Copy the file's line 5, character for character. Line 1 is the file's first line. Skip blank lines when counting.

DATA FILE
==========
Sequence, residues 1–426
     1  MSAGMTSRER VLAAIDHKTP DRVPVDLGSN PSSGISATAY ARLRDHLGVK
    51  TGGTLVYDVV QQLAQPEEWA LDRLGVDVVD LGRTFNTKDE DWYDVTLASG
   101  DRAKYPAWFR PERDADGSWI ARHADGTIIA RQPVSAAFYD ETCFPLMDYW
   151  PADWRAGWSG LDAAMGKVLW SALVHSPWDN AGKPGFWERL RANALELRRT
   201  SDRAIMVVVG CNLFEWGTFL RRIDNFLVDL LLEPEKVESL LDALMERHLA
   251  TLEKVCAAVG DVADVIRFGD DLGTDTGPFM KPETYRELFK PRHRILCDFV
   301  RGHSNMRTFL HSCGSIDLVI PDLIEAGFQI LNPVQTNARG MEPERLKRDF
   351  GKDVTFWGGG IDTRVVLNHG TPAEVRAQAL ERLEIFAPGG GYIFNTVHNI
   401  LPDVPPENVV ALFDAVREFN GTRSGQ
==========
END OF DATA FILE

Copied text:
   151  PADWRAGWSG LDAAMGKVLW SALVHSPWDN AGKPGFWERL RANALELRRT